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Film Review: Final Girl (2015)

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SYNOPSIS:

After young Veronica is left orphaned when her parents pass away in a tragic accident she is recruited by a secret society that trains her to anticipate the unexpected. Investing her entire adolescence into learning survival there comes a day when she is ready. A group of teenaged boys who abduct specifically blonde girls for prey have set their sights on Veronica. Will her training allow her to be the hunted or the hunter?

REVIEW:

Directed by: Tyler Shields

Starring: Abigail Breslin, Wes Bentley, Morgan Huffman, Cameron Bright, Alexander Ludwig, Reece Thompson

Final Girl is one of those gitchy, trendy catch phrases that were conceived somewhere in an internet chat room referring to the last one standing often in the serial killer genre in horror films. While I can barely keep up with the current rage in texting and technology, suffice to say I have little to no room for new age jargon when pertaining to horror. Make no mistake about it there is nothing trendy or pretentious when it comes to Tyler Shields’s directional debut in Final Girl.

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Many of the initial scenes are shot with a dark, brooding sense of elusiveness. One cannot deny the degree of imaginative sculpting Shields makes in a cinematography sense. Through riddles in dialogue and esthetic innuendo, this director beckons the imagination rather than bludgeons the senses silly. I admire his ability to invest the viewer’s cerebral cortex and much of the hellacious creepiness we see before us is a matter of subconscious filling in the blanks. A great deal of the suspense is conceived from what we do not see. Final Girl is a movie that can easily be viewed time and again and something different would arise each time.

The character of Veronica (played by Abigail Breslin) is equal parts enigmatic and infectious. We know there is something special about her and yet her vulnerability tends to make her unhampered with flaws and all the more human. We’re uncertain if she’ll excel in her survival studies and begin to question if she’ll make it much to the similar disdain of her mentor, William (Wes Bentley). We know not a great deal of William’s character, what motivates him or who he represents. I appreciate the degree of aloof structure in this case. The viewing audience is spared a great deal of needless exposition as it’s proven we can just as easily fill in the blanks for ourselves for later reference.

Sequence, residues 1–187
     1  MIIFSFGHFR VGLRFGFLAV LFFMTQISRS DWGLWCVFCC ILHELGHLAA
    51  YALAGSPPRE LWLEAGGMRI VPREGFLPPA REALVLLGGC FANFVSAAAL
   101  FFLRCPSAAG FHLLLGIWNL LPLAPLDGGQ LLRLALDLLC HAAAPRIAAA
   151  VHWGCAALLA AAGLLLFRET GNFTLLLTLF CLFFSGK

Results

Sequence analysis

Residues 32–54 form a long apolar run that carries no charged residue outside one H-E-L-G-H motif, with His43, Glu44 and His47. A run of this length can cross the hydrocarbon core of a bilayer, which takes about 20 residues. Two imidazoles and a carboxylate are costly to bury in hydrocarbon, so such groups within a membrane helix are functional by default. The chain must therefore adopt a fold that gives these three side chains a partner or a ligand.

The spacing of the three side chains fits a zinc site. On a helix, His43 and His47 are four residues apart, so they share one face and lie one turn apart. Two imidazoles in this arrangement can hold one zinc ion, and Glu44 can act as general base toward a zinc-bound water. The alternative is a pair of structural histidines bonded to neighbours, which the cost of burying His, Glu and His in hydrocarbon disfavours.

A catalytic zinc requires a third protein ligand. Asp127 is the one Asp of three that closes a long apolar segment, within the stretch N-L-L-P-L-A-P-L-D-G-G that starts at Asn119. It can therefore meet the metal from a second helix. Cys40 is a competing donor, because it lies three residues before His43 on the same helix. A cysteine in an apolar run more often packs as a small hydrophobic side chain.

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The dynamic of the relationship between protégé and mentor is complex and inspires a great deal of wonderment for the audience. It doesn’t take long to realize a sexual tension, albeit as taboo as it may seem on the surface. One cannot help but ponder if their intimate relationship will ever be requited or if it will simply be business as usual. If William seems somewhat vaguely familiar you may recognize him from the Oscar winning American Beauty where he played Ricky Fitts, the pot smoking dealer next door neighbor to Kevin Spacey.

There is almost a trippy, dreamy or surreal feel to Final Girl. Shields paints an illustrious back drop of a sub-culture that you’d swear takes place in the late nineteen fifties. Certainly a dozen of hints and factors elude to such. From the fashions, pop culture, hair styles, automobiles, slang, home décor, social etiquette along with regular morals and family values, the setting seems to scream something right out of the Happy Days era. Yet Final Girl is something that could just as easily take place in everyday contemporary society regardless of the aforementioned details. Shields presents a locale that exists only in spite of itself that is reminiscent of a David Lynch expose. It challenges the imagination further and film aficionados with a taste for the obscure with squirm in their seats with delight.

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Some of the most notable cinematography and special effects work are found within the predators’ scenes. As each hunts their prey within the confines of the desolate forest the very real terror begins. To fully conceive this point one must simply watch the film. The visuals within these sequences are highly imaginative, innovative and shocking. Just when you think you have everything figured out and have dismissed the production as one of predictability, something most obscure rears its ugly head and the viewership is rendered awestruck once again.

Fans of revenge flicks, something most certainly out of the ordinary or like their action on the rough and rugged side will definitely rejoice in Final Girl.

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-Four out of five tombstones

A special thanks to Anne-Lise Kontz and Touchwood PR

 

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